THE CITY UNDER THE SEA
WAR-GODS OF THE DEEP
The City Under the Seas claim to anything to do with Edgar Allan Poe is exceedingly slim. Vincent Price recites from the Poe poem over the opening and finishing credits. The film takes the central image from the poem which only consists of the image of a mysterious city under the sea but where Poe played it for doom-laden ambience, the film plays it deadeningly literally, fashioning a standard lost city story. And there is of course Vincent Price, star of most of Roger Cormans Poe films, who plays a character who, vaguely in the style of the Corman Poe films, is gloomily obsessed with a woman he believes to be the reincarnation of his wife. However, resemblances end about there.
More so than any kinship to the Corman Poe films, The City Under the Sea resembles the cycle of Jules Verne adaptations that proliferated in the 1960s, begun with 20,000 Leagues Under the Sea (1954) and Around the World in 80 Days (1956). The City Under the Sea virtually repeats the formula of the Verne films the handsome hero, the fuddy-duddy middle-aged scholar and, as in Journey to the Center of the Earth (1959), a fowl along for the journey into the lost world. Vincent Prices Captain is of course cast as a Captain Nemo figure.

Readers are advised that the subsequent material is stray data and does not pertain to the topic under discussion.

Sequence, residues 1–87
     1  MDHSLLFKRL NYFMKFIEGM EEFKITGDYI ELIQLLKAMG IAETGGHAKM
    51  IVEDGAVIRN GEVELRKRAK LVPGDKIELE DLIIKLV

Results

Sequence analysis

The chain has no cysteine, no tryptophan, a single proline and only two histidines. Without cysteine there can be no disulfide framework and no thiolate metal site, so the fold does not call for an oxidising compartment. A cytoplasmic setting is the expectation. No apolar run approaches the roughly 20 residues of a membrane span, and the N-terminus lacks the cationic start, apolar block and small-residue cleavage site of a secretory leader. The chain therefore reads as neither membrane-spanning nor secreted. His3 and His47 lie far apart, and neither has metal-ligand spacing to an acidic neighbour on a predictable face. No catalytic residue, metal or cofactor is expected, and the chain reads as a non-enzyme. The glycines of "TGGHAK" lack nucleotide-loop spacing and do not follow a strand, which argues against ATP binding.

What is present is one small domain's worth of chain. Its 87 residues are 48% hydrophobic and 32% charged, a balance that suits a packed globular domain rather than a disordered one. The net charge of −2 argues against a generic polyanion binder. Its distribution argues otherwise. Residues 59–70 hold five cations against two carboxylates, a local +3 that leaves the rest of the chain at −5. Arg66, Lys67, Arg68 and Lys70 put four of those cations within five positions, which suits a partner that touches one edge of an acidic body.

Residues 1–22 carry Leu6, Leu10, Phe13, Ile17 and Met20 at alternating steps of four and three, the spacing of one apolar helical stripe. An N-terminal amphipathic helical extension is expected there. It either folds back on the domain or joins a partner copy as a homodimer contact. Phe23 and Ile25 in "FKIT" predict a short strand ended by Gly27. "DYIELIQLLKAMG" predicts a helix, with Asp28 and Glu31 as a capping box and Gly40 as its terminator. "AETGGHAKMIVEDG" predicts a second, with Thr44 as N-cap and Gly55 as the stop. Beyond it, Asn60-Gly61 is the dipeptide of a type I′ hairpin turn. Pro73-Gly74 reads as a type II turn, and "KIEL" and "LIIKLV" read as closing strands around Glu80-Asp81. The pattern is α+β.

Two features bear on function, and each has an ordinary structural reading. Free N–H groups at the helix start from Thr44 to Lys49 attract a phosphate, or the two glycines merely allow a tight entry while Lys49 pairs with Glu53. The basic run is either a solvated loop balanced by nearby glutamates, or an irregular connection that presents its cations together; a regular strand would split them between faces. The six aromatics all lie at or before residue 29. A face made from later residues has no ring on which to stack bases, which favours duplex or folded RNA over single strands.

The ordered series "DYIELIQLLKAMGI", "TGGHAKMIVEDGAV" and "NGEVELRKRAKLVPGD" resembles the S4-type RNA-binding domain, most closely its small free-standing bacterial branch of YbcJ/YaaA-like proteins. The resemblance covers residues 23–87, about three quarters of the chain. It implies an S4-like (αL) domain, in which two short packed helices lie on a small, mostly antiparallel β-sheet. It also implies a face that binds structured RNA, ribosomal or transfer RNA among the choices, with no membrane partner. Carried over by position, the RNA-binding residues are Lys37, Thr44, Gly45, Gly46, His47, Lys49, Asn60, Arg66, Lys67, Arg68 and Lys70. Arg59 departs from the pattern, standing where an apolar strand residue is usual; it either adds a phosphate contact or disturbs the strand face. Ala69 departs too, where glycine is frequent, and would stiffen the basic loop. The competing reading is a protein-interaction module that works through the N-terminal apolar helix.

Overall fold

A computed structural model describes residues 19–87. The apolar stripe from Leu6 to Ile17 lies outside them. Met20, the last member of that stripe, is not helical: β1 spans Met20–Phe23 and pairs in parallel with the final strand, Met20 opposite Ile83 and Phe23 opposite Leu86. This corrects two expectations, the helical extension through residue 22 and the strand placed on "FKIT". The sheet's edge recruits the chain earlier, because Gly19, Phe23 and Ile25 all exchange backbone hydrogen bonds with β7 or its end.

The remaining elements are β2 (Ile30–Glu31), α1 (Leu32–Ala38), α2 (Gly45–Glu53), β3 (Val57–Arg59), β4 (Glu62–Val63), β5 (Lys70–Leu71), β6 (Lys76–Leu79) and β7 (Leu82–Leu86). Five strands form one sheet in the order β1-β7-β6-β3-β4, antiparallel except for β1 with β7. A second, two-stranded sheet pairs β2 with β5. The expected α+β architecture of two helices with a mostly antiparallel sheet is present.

The adventure itself is a hollow affair. The film has some amazing sets a cavern where prisoners are tied up to be drowned as torrents of water cascade in over a giant hand; colossal caverns; uniquely designed diving suits with helmets that resemble brass coal scuttles with ornamented swordfish attached to them. Everything predictably goes up in a spectacular mass destruction climax. However, the action in between is flat it never mounts to the grandly-scaled action adventure it seems to want to be. Indeed, not that much happens throughout. The underwater chase at the climax is laborious it is like watching action on Still Advance.
The City Under the Sea was directed by Jacques Tourneur, who made several excellent psychological horror films namely Cat People (1942), I Walked with a Zombie (1943), The Leopard Man (1943) and Curse of the Demon/Night of the Demon (1957). Alas, The City Under the Sea, the last film he would make, and is one disappointment in Tourneurs otherwise fine oeuvre.